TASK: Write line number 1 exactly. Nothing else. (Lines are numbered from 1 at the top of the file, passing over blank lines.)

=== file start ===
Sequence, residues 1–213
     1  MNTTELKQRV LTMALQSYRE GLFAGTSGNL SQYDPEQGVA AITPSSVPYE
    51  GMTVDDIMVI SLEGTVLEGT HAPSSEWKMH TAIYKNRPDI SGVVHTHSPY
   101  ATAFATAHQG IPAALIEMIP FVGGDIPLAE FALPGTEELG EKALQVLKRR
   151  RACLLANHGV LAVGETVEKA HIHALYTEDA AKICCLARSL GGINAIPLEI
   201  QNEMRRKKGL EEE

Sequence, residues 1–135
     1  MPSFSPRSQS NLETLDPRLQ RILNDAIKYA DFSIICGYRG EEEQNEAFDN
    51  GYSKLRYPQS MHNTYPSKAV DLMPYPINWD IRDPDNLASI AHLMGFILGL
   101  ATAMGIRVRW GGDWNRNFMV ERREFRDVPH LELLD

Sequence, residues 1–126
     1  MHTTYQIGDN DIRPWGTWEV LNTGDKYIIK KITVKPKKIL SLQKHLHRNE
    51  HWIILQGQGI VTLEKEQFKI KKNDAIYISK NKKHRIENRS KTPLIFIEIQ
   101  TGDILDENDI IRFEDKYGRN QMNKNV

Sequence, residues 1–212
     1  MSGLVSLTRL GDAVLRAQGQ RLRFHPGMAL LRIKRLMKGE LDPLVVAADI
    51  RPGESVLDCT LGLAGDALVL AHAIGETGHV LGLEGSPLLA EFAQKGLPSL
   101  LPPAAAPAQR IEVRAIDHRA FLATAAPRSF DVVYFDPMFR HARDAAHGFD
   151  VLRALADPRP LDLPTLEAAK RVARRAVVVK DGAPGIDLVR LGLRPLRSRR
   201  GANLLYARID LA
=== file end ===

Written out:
Sequence, residues 1–213